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June 28, 2017

Cash from creativity

Whenever there is a debate about how arts and culture should be valued in society, we usually begin by describing their intrinsic value, and how our lives are immeasurably enriched by their presence. But when it comes to the harsh reality of making ends meet, most arts groups end up competing with each other for what little support is available from the public purse. With an ever dwindling pot of arts funding, it has never been more important to generate income from within. A really well written how-to-do-this guide from Voluntary Arts Scotland and DTAS.


Kelly Apter

Read the full guide – Profiting from Creativity

Halls, theatres, galleries and the myriad of buildings and spaces across Scotland where people come together are valuable to us all, socially and culturally. Keeping them running, sustainable and engaging is a challenge increasingly taken up by communities themselves rather than relying on cashstrapped public or private institutions.

This publication explores some of the creative activities that are taking place in community venues across Scotland that add to the sustainable income mix. We hope you will be inspired by some of the ideas, and find practical tips and resources that will allow you to develop your own income streams and profit from the arts. More than that, these activities often draw people into rural areas and bring a unique vibrancy, as well as creating a destination in itself. Whether that is in the form of events like The Easdale Island World Stone Skimming Championship, rivalling Glastonbury for ‘cool’, or BonFest in the village of Kirriemuir paying homage to all things Bon Scott and AC/DC; both are brilliant creative responses to their unique heritage of place.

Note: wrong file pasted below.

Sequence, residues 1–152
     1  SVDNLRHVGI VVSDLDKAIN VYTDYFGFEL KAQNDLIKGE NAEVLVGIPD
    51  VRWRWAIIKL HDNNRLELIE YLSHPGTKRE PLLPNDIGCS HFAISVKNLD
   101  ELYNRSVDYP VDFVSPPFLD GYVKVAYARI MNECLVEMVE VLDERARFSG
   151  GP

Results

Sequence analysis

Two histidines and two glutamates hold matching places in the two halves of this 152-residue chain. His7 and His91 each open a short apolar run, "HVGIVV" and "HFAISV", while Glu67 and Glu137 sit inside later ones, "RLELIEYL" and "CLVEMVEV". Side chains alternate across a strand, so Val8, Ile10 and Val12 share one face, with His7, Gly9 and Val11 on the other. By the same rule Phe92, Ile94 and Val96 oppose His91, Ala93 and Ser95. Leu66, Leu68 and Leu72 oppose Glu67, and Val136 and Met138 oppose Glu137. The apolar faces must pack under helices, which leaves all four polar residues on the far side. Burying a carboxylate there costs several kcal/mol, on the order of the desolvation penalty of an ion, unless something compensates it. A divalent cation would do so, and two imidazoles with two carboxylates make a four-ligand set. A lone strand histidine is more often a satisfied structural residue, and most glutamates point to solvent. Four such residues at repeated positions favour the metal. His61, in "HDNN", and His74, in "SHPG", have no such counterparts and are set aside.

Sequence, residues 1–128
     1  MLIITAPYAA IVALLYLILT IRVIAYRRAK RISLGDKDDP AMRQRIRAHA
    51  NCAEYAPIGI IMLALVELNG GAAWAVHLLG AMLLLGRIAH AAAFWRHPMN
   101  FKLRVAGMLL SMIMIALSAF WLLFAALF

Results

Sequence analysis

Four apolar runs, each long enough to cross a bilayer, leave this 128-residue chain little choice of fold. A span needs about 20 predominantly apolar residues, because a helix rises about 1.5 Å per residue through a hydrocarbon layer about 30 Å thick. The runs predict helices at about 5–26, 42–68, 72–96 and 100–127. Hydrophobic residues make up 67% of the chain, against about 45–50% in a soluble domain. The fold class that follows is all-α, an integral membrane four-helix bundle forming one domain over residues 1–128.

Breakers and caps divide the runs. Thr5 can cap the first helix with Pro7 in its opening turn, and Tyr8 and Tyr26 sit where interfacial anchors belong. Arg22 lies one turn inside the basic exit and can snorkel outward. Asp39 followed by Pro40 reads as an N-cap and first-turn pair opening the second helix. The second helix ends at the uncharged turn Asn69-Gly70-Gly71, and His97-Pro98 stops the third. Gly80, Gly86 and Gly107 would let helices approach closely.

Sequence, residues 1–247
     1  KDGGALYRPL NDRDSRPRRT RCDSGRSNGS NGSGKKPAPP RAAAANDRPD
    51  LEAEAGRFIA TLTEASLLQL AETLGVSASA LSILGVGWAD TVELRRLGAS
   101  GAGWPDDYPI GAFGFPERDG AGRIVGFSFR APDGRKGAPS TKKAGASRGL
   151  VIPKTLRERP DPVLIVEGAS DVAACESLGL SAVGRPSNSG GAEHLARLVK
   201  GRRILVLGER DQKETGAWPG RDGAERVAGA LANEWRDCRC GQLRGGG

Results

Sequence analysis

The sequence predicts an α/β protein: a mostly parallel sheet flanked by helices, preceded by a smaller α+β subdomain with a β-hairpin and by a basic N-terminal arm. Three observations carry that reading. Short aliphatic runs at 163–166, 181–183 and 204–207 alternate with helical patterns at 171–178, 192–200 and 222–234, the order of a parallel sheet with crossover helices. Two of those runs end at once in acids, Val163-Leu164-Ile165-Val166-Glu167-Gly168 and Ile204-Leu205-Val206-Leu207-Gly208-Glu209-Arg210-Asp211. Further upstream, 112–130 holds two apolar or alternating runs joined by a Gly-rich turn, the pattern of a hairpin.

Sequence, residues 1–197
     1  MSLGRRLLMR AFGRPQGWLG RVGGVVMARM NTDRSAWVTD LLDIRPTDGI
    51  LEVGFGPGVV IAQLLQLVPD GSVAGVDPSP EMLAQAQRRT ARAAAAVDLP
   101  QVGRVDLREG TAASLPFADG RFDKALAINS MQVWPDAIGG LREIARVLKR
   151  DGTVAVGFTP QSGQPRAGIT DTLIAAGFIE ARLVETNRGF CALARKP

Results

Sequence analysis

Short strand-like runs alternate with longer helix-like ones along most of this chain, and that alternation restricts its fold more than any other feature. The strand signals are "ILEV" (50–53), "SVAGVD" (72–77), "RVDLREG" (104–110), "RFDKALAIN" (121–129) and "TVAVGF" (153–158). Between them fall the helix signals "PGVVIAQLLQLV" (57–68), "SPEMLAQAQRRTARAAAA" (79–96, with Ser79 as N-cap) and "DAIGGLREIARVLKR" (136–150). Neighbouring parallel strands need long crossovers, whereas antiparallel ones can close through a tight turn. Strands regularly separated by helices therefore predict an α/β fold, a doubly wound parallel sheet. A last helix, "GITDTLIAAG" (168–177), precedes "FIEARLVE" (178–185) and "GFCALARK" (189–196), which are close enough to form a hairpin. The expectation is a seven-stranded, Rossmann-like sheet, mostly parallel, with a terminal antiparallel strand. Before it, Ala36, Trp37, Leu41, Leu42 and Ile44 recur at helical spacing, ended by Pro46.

The ‘ordinary village hall’ can become something quite different, attracting quality acts and money from catering, bars and overnight accommodation. The Three Villages Hall, Cove Burgh Hall, Dunlop Village Hall and Letham Nights have built up reputations for quality events and performances. Nairn Community & Arts Centre is a gorgeous space valued by locals for its cakes and craft, and as a lovely venue in itself. It takes determination and dedication to bring in the kind of money needed to transform and rebuild spaces like the Drill Hall in Leith taken on by Out of the Blue, proving that the impossible is sometimes possible. It is rooted in its local community and is at the forefront of Edinburgh’s cultural vibrancy, helping to promote the image of Edinburgh as a culturally rich city.

 We are indebted to the community organisations who have contributed their time and experience so generously to this publication. You are an inspiration to many. Our thanks to Kelly Apter, freelance journalist, for researching and writing this publication and to Voluntary Arts Scotland for its early-stage input and expertise.


The Community Ownership Support Service